So how is this about humans? If it were just the carrier and the aircraft out there repeatedly launching and recovering X-47Bs, the humans wouldn’t matter. But the aircraft carrier deck is extremely human-centric (not to mention a very dangerous place to work). For a century now flight deck operations have been choreographed through radio voice commands, hand signals between deck personnel and pilots, and other visual cues like signal lights. Robots understand none of these–they think in 0s and 1s. The real innovation driving the X-47B is the translation of this very human system into a digital language that the robot can understand. The Navy brass likes to call this “digitizing the carrier airspace” and it’s what allows them to seamlessly integrate a robot into an environment where other humans–both manned aircraft and deck crew–are going to be working.
This Is An iPod Moment For Naval Aviation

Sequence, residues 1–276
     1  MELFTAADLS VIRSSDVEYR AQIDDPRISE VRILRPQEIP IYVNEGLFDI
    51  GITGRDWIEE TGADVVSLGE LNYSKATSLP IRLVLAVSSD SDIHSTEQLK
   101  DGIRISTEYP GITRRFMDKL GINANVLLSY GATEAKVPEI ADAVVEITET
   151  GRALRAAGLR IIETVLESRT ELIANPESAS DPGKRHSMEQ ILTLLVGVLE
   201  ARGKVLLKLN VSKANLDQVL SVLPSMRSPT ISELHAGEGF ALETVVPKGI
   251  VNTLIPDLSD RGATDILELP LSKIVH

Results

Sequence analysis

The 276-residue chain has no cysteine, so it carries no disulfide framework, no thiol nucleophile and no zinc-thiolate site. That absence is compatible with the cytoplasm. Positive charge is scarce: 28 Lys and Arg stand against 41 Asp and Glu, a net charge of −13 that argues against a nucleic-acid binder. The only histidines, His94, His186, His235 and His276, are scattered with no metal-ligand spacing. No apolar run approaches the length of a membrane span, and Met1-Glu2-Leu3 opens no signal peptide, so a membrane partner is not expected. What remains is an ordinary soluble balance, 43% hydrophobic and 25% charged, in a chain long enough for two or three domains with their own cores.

That’s the real takeaway from the UCAS program and the aviation milestones the X-47B is hitting right now. Now that the Navy has a working system–not just a technology or a group of disparate technologies, but a new platform that merges several complex technologies into a single, user-friendly system–it can build something truly game-changing around it.
That game-changing thing will probably be whatever aircraft comes out of the future UCLASS program, which will likely be tailless and stealthy just like the X-47B, have a longer effective range than the F/A-18s that the Navy currently has in its air wing, and could serve as an important strategic counterbalance to recent advances in the range of anti-ship ballistic missiles like China’s DF-21 “carrier killer” (if something like the X-47B can conduct surveillance and strikes at a greater operational radius than manned fighter/bombers, then carrier groups can stay out of range of land-based missiles and other anti-ship defenses).